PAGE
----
17 Outside the Hollywood System  Global cinema Other countries have a rich history of producing successful films. Losing ground as they compete with independent American films  The documentary tradition Early forms of documentary  Interest films, newsreels, travelogues Cinema verité

18 Outside the Hollywood System (cont.)  The rise of independent films Known as indies Made on a shoestring budget and shown in small venues and film festivals Independent film festivals important for discovering new talent  Indies as a feeder system for major studios has declined New distribution routes for indies

19 The Hollywood Ten  Hollywood Ten hearings HUAC investigations of alleged subversive and communist ties The Hollywood Ten were nine screenwriters and one producer.  Refused to identify communist sympathizers and were charged with contempt and imprisoned  Blacklisted by major studios upon their release

20 The Paramount Decision  Paramount decision Supreme Court forced the studios to gradually divest themselves of their theaters. Meant to increase competition, but never really changed the oligopoly structure of the Hollywood film industry Created opportunities for exhibition  Art houses and drive-in theaters

21 Moving to the Suburbs  Transformation from a wartime economy and a surge in consumer production had a significant impact on moviegoing. Money spent on consumer products instead of movie tickets People married younger, so fewer couples were dating. Television explosion in the late 50s

22 Television Changes Hollywood  TV became the primary family entertainment by the mid- 1950s.  Movie industry’s response More serious subject matter that explored larger social problems New technologies  Cinerama, CinemaScope, VistaVision  3-D  Panavision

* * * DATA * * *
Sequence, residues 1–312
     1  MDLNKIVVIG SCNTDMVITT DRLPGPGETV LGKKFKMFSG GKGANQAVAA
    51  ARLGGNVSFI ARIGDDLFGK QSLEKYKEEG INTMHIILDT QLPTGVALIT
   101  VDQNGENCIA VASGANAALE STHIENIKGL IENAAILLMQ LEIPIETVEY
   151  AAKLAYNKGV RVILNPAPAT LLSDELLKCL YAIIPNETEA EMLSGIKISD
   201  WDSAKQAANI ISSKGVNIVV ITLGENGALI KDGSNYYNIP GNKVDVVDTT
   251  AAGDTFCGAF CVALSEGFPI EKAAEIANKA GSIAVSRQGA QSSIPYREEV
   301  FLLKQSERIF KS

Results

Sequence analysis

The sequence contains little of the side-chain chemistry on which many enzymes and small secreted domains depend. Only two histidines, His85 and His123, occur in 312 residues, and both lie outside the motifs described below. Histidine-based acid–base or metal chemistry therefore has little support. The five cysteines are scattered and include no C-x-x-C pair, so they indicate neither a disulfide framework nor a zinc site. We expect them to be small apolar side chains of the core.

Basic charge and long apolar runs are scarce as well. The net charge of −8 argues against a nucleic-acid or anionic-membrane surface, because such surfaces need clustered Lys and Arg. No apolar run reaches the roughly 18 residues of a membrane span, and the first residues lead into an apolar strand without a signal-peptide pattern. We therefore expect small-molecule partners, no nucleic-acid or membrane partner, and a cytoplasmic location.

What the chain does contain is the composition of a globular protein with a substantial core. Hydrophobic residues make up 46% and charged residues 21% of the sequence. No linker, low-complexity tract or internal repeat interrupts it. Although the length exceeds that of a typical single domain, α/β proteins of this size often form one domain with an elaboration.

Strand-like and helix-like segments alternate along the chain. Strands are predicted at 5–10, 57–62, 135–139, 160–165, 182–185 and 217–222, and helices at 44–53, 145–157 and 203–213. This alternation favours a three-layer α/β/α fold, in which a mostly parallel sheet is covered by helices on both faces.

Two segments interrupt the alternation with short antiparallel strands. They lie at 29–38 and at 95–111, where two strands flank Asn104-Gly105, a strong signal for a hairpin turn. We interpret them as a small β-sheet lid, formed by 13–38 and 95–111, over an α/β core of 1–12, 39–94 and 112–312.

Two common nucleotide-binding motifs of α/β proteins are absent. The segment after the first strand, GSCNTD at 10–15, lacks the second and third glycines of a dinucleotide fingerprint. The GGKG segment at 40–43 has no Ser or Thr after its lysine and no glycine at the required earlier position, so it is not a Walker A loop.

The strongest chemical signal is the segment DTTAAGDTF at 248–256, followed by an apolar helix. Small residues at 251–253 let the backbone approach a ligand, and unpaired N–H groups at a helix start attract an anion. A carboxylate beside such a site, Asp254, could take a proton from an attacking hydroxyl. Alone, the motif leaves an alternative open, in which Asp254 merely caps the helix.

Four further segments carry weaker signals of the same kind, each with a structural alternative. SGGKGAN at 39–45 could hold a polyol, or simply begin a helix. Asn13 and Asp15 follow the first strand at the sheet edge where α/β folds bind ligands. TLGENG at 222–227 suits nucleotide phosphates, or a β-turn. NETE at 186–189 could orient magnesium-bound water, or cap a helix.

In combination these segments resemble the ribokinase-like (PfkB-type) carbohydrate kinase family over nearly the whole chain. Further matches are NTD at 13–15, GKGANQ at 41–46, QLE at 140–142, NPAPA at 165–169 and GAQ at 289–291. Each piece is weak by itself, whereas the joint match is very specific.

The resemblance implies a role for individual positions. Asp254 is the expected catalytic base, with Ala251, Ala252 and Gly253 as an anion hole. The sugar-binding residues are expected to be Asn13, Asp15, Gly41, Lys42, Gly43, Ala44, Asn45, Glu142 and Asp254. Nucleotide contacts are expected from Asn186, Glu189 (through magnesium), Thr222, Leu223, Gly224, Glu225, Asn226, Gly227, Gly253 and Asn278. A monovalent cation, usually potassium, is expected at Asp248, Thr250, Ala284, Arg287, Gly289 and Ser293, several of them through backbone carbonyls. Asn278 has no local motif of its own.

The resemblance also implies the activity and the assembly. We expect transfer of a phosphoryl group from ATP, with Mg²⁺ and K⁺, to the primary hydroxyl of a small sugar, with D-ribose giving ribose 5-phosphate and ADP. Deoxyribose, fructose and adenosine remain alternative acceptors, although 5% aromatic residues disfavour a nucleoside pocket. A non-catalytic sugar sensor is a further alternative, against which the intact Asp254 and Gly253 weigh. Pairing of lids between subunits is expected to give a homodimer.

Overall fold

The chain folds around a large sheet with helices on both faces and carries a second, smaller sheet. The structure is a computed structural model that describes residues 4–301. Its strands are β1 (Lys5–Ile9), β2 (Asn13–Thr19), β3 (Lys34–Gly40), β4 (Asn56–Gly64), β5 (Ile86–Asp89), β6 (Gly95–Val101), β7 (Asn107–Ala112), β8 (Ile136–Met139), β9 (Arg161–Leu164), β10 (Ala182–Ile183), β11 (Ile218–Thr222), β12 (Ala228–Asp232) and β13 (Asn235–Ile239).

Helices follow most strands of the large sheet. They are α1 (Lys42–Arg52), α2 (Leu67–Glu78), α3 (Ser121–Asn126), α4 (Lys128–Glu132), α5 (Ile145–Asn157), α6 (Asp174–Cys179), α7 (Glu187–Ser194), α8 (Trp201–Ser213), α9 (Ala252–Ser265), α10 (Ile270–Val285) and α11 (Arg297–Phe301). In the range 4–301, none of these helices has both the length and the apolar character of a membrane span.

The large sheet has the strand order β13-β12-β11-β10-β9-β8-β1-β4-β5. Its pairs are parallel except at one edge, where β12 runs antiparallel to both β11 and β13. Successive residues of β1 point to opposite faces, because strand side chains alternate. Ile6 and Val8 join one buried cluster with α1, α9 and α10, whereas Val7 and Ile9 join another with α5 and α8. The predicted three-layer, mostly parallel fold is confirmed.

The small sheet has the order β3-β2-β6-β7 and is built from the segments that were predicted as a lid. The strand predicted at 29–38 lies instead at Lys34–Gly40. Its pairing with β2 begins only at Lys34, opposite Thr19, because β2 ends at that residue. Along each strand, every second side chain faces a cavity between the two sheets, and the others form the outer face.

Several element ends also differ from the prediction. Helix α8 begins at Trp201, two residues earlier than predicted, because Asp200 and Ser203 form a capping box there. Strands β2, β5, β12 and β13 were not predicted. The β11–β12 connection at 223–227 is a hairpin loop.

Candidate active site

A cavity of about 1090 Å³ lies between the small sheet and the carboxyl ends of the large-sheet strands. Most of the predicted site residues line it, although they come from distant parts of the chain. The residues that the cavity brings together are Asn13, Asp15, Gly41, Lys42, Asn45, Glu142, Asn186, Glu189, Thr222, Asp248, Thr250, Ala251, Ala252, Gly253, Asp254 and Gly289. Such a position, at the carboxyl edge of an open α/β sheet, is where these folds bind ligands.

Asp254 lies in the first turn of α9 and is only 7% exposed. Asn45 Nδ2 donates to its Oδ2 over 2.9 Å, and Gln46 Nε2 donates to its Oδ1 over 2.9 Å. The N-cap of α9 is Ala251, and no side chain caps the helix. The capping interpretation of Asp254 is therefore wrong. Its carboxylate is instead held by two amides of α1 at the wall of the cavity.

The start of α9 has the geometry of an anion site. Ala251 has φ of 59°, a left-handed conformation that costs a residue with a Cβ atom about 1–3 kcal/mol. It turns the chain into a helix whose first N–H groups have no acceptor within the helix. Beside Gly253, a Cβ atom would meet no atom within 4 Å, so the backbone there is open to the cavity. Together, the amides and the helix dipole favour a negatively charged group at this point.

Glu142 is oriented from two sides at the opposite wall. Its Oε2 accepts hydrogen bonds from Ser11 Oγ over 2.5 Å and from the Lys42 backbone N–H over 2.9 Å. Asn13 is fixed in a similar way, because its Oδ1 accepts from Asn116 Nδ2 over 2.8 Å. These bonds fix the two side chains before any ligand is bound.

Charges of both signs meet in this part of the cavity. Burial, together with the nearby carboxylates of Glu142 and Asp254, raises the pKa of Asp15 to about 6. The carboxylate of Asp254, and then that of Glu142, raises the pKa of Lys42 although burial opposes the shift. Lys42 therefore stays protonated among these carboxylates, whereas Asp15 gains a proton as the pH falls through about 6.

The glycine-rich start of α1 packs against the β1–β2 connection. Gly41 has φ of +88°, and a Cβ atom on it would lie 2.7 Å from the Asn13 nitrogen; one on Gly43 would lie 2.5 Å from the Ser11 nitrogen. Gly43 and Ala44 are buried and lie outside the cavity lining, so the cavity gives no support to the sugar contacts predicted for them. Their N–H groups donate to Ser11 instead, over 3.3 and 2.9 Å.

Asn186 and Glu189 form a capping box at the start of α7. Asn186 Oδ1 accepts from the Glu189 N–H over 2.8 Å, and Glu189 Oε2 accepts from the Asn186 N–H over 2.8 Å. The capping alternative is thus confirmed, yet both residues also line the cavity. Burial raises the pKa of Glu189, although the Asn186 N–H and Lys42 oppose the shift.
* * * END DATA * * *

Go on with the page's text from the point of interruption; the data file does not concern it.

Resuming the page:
23 Hollywood Adapts to Home Entertainment  Introduction of cable and videocassettes in 1970s changed movie exhibition. Video market was a financial bonanza for movie industry.  Traditional video rental market is declining.  Future of video rental is in Internet distribution.

24 Production, Distribution, and Exhibition Today  Movie studios have six major sources of income. Box-office receipts DVD sales, rentals, and downloads Pay-per-view, premium cable, etc. Foreign markets Distributing indie films Licensing and product placement

25 Table 7.1: Top 10 All-Time Box Office Champions

26 Production, Distribution, and Exhibition Today (cont.)  Seven companies operate more than 50 percent of U.S. screens.  Development of megaplexes in the 1990s Addition of IMAX screens and digital projectors in the 2000s Also screen nonmovie events  Live sporting events, concerts, and classic TV show marathons

27 The Major Studio Players  Big Six Warner Brothers, Paramount, Twentieth Century Fox, Universal, Columbia Pictures, and Disney Account for more than 90 percent of commercial film revenues  Began diversifying in the 1980s Heavy promotion and synergy Flood of corporate mergers

28 Figure 7.2: Market Share of U.S. Film Studios and Distributors, 2011

29 Convergence: Movies Adjust to the Digital Turn  Movie industry has quickly embraced Internet distribution. Services include Hulu, Netflix, Xfinity, YouTube, and CinemaNow. Increasingly available on smartphones and tablets 2012: first year digital outpaced physical DVDs  Internet essential for marketing

30 Figure 7.3: Online Movie Market Share Ranking in 2011

31 Alternative Voices  Digital video Cheaper and more accessible than standard film equipment Camera work can be seen instantly without film processing. Adopted by major directors Same format as DVDs and Internet video, so films can be distributed online easily

32 Popular Movies and Democracy  Movies function as consensus narratives that operate across different times and cultures.  Do U.S. films contribute to a global village in which people share a universal culture?  Or do U.S. films stifle local culture and diversity?